Essential expenses are must-haves. Lifestyle Choices include anything that’s fun or not a necessity. Financial Priorities capture goals and often include debt repayment (beyond the minimum payment required) and saving.

Go through your list of expenses. Next to each item, write either an (E) for Essential, (L) for Lifestyle Choice, or (F) for Financial Priority. See our list of examples below.

Scroll to see more details
Essential (housing, transportation, groceries, utilities), Financial Priority (debt overpayment, retirement contributions, emergency savings, other savings), Lifestyle Choice (clothing, charitable giving, entertainment, pets)
Essential Lifestyle Choice Financial Priority
Housing Payment Clothing Debt Overpayments
Transportation Charitable Giving Retirement Contributions
Groceries Entertainment Emergency Savings
Utilities Pets Other Savings
Budgeting Step 3: Evaluate Expenses

Evaluate

Earlier, you broke expenses up into three categories: Essential, Lifestyle Choice, and Financial Priority.

This corresponds to a popular budgeting method called the 50/30/20 Rule which suggests:

  • 50% (or less) of spending should be on Essential Expenses
  • 30% (or less) should be on Lifestyle Choices
  • 20% (or more) should be on Financial Priorities

Before moving forward, you need to understand where you currently are. Total up your expenses in each of the three categories to see how they compare to the 50/30/20 guidelines.

Budgeting Step 4: Build Your Budget

Build

The next part, building your plan, might seem overwhelming, but you’ve done most of the legwork already. There are different ways to allocate expenses, but the benefit of following the 50/30/20 Rule is having an already established guide.

To calculate recommended totals for each category, take your net income and multiply it by 0.5, 0.3, and 0.2.

For example, if your take-home pay is $3,000, the guidelines would be $1,500 for Essential Expenses, $900 for Lifestyle Choices, and $600 for Financial Priorities. Remember, this is just a starting point.

With your spending history in mind, fill in the budgeting worksheet.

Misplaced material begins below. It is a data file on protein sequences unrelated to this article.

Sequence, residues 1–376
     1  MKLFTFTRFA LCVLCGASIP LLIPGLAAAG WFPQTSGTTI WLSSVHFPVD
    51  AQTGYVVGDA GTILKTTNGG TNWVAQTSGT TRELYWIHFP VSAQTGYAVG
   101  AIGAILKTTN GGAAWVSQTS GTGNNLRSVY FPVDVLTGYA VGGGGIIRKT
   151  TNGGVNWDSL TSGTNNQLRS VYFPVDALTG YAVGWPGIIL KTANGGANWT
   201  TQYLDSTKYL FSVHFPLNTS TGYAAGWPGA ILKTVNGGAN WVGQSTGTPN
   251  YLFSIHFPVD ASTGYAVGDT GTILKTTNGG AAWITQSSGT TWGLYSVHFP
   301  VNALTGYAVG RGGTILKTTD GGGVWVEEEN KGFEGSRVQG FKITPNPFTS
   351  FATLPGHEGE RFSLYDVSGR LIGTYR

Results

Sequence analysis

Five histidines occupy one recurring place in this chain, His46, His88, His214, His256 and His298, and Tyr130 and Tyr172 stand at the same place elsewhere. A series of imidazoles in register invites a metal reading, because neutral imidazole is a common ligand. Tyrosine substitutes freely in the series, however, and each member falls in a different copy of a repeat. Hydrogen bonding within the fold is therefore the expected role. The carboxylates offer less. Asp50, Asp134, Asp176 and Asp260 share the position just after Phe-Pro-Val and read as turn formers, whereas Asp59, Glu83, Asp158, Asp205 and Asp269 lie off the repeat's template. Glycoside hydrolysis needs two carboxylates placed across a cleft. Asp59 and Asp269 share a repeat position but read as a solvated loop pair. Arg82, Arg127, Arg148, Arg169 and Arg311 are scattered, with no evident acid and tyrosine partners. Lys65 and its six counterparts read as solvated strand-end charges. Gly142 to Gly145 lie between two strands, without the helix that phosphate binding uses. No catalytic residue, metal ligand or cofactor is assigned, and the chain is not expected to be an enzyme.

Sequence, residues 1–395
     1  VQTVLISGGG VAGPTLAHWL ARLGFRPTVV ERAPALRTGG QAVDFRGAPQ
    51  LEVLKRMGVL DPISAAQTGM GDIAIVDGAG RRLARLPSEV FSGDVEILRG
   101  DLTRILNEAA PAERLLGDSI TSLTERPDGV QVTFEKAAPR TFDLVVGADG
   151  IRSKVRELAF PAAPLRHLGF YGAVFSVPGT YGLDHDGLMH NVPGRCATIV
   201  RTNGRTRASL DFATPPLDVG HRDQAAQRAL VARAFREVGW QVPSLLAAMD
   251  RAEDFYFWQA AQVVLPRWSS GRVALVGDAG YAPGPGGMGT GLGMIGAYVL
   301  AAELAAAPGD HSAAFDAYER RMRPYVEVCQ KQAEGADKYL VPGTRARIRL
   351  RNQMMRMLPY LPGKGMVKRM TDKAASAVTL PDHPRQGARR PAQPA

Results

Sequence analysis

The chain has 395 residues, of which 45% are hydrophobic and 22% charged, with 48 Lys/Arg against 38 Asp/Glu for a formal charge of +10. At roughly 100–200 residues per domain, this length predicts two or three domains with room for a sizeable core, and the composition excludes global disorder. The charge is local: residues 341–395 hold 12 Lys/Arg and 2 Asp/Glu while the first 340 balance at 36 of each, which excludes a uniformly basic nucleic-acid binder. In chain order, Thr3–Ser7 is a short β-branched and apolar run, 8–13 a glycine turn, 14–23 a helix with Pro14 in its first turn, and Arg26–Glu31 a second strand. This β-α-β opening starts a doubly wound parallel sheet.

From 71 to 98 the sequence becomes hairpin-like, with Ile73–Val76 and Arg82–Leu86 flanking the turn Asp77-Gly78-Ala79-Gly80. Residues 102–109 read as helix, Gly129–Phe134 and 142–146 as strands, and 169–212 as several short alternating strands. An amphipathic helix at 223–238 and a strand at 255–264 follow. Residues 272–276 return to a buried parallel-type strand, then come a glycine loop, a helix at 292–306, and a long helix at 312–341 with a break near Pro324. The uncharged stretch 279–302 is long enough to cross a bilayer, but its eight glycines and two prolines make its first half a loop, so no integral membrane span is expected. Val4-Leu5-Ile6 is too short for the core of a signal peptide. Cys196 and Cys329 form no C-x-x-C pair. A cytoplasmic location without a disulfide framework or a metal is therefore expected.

• Start with the Essential Expenses
  • Next, add your Financial Priorities
  • Finally, insert the Lifestyle Choices

Our budget worksheet has pre-filled expenses to help guide you.

Adjust

As you build your spending plan, you may find that your expenses are nowhere near the 50/30/20 recommendations. How you adjust your budget moving forward will depend on your goals and priorities. Additionally, remember that the goal is to give every dollar a purpose. If there’s any money left over, be sure to add it to a category of your choice.

Tip: While you’re making great strides at this point, budgeting is a process that should continue to evolve as your financial picture and needs change. Set a calendar reminder to help ensure you revisit periodically.

Step Four: Implement

Now that you have a plan, it’s time to put it into action. To hold yourself accountable and ensure you stick to it, you’ll want to choose a system to track spending. Here are a few options.

Traditional and simple, yet effective. Use paper and pen to write down your expenses and build your budget.

Use envelopes to hold the budgeted amount for a specific category. Each time you get paid, you’ll divide the money up based on your budget. As you spend, you’ll need to withdraw from the designated envelope.

For example, you’ve budgeted $200 for groceries for the month. When you get paid, you count out $200 in cash and put it into the grocery envelope. Throughout the month, you’ll withdraw from that envelope; once the funds for that category run out, you’ll need to stop spending or rework your envelopes as needed. Using cash can help better enforce spending limits.

Spreadsheets are another great option for tracking expenses. While it might require more time to set up and maintain, you have more flexibility and control in how you build your budget and track your expenses. Some word processing platforms even have templates you can use to get started.

Using a Personal Financial Management (PFM) app or website, such as Financial Tools within A+ Online Banking is a convenient way to build and follow a budget. When you use these tools, you allow the app/website to have access to your financial accounts in order to aggregate information and spending data in one place.

You’re then able to set up specific budgets, sort and categorize expenses from across checking and credit card accounts, set up notifications when nearing spending limits, and more.